One example is Kendra's Law, New York's 5-year-old assisted outpatient treatment program. New statistics from that state show that during assisted outpatient treatment, 74 percent fewer participants experienced homelessness, 77 percent fewer experienced psychiatric hospitalization, 83 percent fewer experienced arrest, and 87 percent fewer experienced incarceration. Individuals in Kendra's Law were also more likely to regularly participate in services and take prescribed medication. Sharon Carpinello, R.N., Ph.D., Commissioner of the New York State Office of Mental Health, also noted that AOT improved the mental health system as a whole, an unintended but welcome result. "We have seen improved access to mental health services, improved coordination of service planning, enhanced accountability, and improved collaboration between the mental health and court systems," she noted.

Ann Arbor resident Donna Orrin, MSW, is a consumer, the author of Consumer Involvement in Policymaking for the Michigan Department of Community Health, and a member of Gov. Granholm's Mental Health Commission. There were times that Orrin did not believe she had bipolar disorder despite experiencing extreme symptoms of that illness -- a common condition that leads to treatment refusal. "My mother had me committed against my will three times, and I would get so mad at her," Orrin said. "But thanks to her willingness to help me when I was not able to help myself, I have now been in treatment for a number of years, and have gained insight into my illness. I have also worked on my recovery process and have created a quality life of my personal choice. I often now think that my mother must have loved me very much to intervene when my illness made me push her away."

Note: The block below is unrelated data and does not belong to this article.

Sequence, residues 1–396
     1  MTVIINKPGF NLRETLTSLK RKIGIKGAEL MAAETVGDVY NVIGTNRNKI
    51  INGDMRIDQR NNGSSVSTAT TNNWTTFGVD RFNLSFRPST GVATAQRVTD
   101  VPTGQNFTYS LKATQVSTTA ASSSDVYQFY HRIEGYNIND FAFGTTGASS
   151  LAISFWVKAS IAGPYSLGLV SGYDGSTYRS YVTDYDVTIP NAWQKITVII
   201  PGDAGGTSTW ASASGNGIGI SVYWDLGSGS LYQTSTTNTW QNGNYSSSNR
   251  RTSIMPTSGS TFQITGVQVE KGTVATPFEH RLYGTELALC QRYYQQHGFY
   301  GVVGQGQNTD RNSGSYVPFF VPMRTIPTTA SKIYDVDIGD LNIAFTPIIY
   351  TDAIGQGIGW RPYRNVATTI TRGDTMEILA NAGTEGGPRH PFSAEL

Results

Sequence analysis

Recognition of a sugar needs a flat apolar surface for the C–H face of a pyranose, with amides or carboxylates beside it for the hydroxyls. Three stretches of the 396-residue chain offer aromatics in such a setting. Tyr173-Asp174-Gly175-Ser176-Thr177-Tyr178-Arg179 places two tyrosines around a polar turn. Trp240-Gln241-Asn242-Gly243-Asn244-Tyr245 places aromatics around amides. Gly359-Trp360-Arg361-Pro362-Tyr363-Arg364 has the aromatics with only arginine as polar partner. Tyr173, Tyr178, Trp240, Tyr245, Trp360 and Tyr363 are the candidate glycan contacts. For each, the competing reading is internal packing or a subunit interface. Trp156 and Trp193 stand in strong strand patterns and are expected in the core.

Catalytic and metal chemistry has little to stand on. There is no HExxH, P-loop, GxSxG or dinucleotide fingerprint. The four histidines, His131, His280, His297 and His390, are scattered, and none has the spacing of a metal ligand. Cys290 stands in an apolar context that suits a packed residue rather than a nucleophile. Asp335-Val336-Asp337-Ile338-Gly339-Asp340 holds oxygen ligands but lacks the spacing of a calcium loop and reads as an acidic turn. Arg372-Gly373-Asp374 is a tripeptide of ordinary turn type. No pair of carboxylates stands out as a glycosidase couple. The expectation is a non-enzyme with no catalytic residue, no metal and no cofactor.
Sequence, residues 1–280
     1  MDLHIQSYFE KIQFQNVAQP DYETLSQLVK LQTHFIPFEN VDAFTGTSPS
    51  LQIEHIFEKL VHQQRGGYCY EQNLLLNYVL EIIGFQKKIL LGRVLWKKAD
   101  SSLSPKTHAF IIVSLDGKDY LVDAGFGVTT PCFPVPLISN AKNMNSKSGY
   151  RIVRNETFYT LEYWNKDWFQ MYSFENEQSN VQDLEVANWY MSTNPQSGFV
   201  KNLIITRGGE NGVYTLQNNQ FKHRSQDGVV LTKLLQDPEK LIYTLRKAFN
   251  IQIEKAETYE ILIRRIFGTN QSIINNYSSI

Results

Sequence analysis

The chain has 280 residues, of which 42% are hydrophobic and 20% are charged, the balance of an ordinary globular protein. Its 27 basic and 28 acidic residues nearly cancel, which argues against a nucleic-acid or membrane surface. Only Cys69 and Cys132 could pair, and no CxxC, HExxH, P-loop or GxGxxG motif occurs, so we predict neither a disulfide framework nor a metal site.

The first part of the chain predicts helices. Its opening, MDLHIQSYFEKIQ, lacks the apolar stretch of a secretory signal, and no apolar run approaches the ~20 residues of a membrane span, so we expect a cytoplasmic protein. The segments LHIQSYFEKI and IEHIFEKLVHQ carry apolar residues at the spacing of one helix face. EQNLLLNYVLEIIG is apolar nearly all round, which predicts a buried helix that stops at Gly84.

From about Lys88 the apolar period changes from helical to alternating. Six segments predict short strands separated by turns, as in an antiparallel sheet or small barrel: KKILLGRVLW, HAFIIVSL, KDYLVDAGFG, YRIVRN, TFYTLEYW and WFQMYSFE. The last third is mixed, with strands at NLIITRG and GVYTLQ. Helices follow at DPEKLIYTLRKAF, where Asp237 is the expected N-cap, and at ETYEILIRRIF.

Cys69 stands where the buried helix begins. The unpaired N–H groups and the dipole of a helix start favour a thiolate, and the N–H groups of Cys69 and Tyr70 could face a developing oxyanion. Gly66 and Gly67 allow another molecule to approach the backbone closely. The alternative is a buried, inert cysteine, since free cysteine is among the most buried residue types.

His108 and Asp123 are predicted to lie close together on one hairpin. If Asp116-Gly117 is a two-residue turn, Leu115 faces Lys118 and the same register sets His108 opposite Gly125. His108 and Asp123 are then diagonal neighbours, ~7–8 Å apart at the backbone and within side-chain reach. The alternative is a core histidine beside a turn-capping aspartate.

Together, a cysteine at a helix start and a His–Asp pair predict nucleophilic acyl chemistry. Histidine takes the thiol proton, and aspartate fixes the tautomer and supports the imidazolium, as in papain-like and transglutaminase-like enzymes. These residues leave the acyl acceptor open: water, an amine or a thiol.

Orrin's experiences have made her a strong advocate for other consumers and for Kevin's Law. "Assisted outpatient treatment is meant to help those who cannot identify their symptoms, and therefore do not seek help. As a result, they could be at risk for suicide, homelessness, incarceration, or vulnerability to danger from others. They could lose their spouses or other family members; they could lose their jobs. They could become violent, solely because of their symptoms. They deserve better. Kevin's Law can give them the same chance I had."

"There are too many people with serious mental illness whom we have not been helping, and Kevin's Law can change that," agreed Mark Reinstein of Southfield, President and CEO of the Mental Health Association in Michigan and a member of the Governor's Mental Health Commission. "We are worried about people who are homeless and living under a bridge, who would never choose that lifestyle if their brain disorder was being treated. They merit our intervention. The sponsors of this legislation deserve credit for their efforts to improve conditions for those with severe mental illness. Combined with simultaneous advance psychiatric directive legislation that was adopted, and with the report of Gov. Granholm's Mental Health Commission, Kevin's Law is an important step toward a broader vision to address the many challenges -- from treatment to housing to funding -- that confront our system."

The change in Michigan law is part of a national trend toward making mental health treatment laws more humane.

The Treatment Advocacy Center ( http://www.psychlaws.org ) is a nonprofit organization dedicated to eliminating barriers to timely and humane treatment for millions of Americans with severe mental illnesses.